Obstructive sleep apnea (OSA) impacts millions of people with wide-ranging effects that can have a serious impact on overall health. There are a number of technologies to help manage and sometimes treat the condition, including continuous positive airway pressure (CPAP) devices. Most patients end up receiving therapies that don’t treat the underlying causes of poor breathing during sleep.
The FDA has now authorized, via the De Novo process, the first device that trains the muscles around the tongue to become stronger in order to reduce snoring and help alleviate OSA.
Signifier Medical Technologies, a company with offices in London, UK and Needham, MA can now make its eXciteOSA device available in the United States. Previously called SnooZeal, which we covered on Medgadget five years ago, the device has a mouthpiece with four electrodes that are positioned around the tongue. The electrodes deliver electrical muscle stimulation, similar to transcutaneous electrical nerve stimulation (TENS), but to the area around the lower tongue. Strengthened muscles end up preventing the closing of the airway, allowing for the free movement of air in and out of the lungs.
Treatment takes twenty minutes a day for a period of six weeks, with weekly sessions thereafter. This can be done at home or anytime the patient doesn’t want to look silly using the device around strangers.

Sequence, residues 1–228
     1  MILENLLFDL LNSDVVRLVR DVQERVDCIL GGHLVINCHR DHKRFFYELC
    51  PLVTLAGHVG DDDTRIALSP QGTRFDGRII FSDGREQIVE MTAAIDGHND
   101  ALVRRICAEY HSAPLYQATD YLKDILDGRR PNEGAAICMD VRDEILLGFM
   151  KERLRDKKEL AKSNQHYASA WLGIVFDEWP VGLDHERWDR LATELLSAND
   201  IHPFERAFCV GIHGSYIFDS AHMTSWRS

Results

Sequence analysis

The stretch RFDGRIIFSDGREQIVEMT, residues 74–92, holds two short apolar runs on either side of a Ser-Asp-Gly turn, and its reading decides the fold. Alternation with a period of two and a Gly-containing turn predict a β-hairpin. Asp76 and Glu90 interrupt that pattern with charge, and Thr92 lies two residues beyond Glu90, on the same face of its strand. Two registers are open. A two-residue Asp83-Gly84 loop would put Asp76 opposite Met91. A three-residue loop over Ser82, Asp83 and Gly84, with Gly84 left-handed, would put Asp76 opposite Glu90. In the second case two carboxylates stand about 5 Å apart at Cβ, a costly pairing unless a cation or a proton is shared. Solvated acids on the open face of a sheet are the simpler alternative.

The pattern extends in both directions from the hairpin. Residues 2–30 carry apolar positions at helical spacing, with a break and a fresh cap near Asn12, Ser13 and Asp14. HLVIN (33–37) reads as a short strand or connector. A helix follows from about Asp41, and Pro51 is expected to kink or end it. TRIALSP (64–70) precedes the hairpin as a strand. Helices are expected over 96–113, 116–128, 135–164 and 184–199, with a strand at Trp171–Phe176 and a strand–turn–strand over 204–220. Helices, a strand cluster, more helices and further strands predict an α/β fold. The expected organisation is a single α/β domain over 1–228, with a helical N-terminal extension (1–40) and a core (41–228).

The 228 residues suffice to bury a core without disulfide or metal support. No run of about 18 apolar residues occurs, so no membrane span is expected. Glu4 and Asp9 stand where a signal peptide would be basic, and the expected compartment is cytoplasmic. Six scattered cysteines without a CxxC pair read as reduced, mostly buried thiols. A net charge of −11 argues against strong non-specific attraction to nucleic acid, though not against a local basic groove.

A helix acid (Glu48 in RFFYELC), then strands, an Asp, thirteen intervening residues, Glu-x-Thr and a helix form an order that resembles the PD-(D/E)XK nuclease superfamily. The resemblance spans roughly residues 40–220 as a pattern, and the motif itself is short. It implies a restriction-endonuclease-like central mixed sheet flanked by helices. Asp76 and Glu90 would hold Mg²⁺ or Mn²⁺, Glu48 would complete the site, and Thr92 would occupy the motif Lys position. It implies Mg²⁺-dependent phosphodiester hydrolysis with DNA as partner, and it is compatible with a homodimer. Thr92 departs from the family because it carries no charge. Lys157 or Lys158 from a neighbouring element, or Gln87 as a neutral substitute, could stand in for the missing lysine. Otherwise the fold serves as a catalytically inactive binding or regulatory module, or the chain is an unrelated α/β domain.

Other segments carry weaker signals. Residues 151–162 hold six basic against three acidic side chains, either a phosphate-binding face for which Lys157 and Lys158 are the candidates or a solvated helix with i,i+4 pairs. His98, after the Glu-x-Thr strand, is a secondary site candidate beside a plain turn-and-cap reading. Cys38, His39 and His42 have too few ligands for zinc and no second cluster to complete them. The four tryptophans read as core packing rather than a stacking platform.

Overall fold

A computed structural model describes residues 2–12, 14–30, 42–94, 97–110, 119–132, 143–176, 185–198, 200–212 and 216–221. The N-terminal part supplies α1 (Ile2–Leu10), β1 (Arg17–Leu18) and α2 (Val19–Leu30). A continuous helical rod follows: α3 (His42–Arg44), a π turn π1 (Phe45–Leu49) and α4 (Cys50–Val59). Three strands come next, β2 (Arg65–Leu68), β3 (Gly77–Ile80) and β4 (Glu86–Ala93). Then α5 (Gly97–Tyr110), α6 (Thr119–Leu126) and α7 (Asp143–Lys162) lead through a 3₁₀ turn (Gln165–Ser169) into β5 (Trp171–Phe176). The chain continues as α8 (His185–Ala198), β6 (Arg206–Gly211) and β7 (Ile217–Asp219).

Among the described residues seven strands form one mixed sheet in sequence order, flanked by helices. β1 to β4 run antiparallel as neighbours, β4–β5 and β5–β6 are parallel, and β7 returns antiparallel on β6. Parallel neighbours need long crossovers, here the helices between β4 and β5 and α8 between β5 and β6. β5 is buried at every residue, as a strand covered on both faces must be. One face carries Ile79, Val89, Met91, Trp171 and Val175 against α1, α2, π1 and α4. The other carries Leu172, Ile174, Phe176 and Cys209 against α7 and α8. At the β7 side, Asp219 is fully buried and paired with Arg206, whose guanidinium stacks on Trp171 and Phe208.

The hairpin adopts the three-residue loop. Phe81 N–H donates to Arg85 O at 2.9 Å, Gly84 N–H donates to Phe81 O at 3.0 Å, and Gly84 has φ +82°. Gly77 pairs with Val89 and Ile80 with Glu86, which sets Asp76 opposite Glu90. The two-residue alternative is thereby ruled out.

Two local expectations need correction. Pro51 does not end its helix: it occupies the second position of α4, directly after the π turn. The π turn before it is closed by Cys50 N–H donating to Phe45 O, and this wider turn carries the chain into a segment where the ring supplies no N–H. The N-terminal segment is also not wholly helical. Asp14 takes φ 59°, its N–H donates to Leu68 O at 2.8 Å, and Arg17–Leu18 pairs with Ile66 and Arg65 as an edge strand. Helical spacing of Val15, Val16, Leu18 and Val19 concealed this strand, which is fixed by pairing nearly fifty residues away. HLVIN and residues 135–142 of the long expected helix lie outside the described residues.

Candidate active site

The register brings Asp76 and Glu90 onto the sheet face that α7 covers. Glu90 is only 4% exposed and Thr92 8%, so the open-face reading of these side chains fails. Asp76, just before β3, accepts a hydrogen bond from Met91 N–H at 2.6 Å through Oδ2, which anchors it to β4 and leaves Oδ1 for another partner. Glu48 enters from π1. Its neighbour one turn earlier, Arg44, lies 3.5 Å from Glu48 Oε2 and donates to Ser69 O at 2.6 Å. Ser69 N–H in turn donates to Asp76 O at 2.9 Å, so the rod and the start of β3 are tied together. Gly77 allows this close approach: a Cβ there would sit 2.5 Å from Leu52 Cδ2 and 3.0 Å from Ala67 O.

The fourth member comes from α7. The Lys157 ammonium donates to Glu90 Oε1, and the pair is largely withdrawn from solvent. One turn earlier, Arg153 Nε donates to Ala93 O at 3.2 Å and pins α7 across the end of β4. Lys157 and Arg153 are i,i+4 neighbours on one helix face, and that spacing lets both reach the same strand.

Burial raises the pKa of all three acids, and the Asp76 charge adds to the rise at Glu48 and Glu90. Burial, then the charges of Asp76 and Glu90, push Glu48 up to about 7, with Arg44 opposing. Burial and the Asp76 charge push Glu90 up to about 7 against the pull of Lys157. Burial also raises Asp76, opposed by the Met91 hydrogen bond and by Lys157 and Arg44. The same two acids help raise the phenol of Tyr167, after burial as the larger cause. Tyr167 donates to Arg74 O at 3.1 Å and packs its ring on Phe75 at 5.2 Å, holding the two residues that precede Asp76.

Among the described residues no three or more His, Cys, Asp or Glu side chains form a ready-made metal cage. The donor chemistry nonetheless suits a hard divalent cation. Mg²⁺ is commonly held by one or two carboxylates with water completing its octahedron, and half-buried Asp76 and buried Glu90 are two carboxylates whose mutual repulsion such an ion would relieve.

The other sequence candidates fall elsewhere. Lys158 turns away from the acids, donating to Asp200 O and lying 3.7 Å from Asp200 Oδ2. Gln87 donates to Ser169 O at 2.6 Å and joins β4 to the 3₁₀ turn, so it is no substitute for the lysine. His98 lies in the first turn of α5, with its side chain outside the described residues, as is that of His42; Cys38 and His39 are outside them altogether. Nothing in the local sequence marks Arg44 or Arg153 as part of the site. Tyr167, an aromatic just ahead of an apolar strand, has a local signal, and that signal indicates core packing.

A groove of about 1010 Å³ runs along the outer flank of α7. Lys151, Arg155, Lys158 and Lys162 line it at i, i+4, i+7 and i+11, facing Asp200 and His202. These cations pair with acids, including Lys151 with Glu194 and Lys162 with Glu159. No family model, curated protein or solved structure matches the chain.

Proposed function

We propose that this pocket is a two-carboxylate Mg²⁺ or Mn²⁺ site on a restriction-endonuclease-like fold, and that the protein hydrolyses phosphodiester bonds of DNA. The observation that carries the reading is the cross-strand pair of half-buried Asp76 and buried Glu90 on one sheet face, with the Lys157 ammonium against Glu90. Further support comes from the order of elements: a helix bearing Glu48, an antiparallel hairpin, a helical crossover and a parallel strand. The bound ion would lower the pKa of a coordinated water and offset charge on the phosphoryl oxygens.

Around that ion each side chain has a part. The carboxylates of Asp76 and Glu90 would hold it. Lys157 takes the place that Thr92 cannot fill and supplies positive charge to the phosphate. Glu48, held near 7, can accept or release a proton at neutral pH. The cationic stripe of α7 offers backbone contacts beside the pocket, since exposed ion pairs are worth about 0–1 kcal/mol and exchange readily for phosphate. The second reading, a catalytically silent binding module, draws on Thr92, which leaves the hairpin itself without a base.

This technology is not for everyone, including people with pacemakers, all kinds of dental implants, nor for people with OSA with an Apnea-Hypopnea Index of 15 or higher.
In a recent trial, cited by the FDA as an important milestone for its authorization of the eXciteOSA, there were some impressive results:
The FDA assessed the safety and effectiveness of the eXciteOSA device in 115 patients with snoring, including 48 patients with snoring and mild sleep apnea. All patients used the device for 20 minutes, once a day for 6 weeks, then discontinued use for 2 weeks before they were reassessed. Overall, the percent of time spent snoring at levels louder than 40dB was reduced by more than 20% in 87 out of the 115 patients. In a 48-patient subset with snoring and mild OSA, the average AHI reduced by 48%, from 10.21 to 5.27, in 41 out of 48 patients. The most common adverse events observed were excessive salivation, tongue or tooth discomfort, tongue tingling, dental filling sensitivity, metallic taste, gagging and tight jaw.